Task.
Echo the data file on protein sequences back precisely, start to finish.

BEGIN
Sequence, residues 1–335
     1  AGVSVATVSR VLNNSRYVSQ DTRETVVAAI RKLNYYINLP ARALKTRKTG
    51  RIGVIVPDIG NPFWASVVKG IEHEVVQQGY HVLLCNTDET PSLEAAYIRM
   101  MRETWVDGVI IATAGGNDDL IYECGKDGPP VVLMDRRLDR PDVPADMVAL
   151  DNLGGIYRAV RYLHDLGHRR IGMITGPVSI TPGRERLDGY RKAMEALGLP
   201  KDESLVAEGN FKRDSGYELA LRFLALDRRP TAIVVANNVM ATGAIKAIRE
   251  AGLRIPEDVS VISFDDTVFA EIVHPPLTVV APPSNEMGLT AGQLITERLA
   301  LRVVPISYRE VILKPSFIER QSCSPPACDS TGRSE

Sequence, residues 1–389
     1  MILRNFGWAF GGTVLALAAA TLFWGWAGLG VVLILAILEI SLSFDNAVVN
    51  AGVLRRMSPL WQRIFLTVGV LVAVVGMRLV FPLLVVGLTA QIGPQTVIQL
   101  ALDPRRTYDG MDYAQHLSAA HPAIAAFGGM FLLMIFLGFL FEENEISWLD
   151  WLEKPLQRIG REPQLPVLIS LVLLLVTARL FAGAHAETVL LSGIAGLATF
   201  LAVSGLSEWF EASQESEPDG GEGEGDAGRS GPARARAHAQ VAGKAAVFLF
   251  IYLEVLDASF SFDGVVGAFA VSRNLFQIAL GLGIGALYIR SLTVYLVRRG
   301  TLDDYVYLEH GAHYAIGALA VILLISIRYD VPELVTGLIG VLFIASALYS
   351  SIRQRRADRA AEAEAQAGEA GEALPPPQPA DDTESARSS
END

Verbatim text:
Sequence, residues 1–335
     1  AGVSVATVSR VLNNSRYVSQ DTRETVVAAI RKLNYYINLP ARALKTRKTG
    51  RIGVIVPDIG NPFWASVVKG IEHEVVQQGY HVLLCNTDET PSLEAAYIRM
   101  MRETWVDGVI IATAGGNDDL IYECGKDGPP VVLMDRRLDR PDVPADMVAL
   151  DNLGGIYRAV RYLHDLGHRR IGMITGPVSI TPGRERLDGY RKAMEALGLP
   201  KDESLVAEGN FKRDSGYELA LRFLALDRRP TAIVVANNVM ATGAIKAIRE
   251  AGLRIPEDVS VISFDDTVFA EIVHPPLTVV APPSNEMGLT AGQLITERLA
   301  LRVVPISYRE VILKPSFIER QSCSPPACDS TGRSE

Sequence, residues 1–389
     1  MILRNFGWAF GGTVLALAAA TLFWGWAGLG VVLILAILEI SLSFDNAVVN
    51  AGVLRRMSPL WQRIFLTVGV LVAVVGMRLV FPLLVVGLTA QIGPQTVIQL
   101  ALDPRRTYDG MDYAQHLSAA HPAIAAFGGM FLLMIFLGFL FEENEISWLD
   151  WLEKPLQRIG REPQLPVLIS LVLLLVTARL FAGAHAETVL LSGIAGLATF
   201  LAVSGLSEWF EASQESEPDG GEGEGDAGRS GPARARAHAQ VAGKAAVFLF
   251  IYLEVLDASF SFDGVVGAFA VSRNLFQIAL GLGIGALYIR SLTVYLVRRG
   301  TLDDYVYLEH GAHYAIGALA VILLISIRYD VPELVTGLIG VLFIASALYS
   351  SIRQRRADRA AEAEAQAGEA GEALPPPQPA DDTESARSS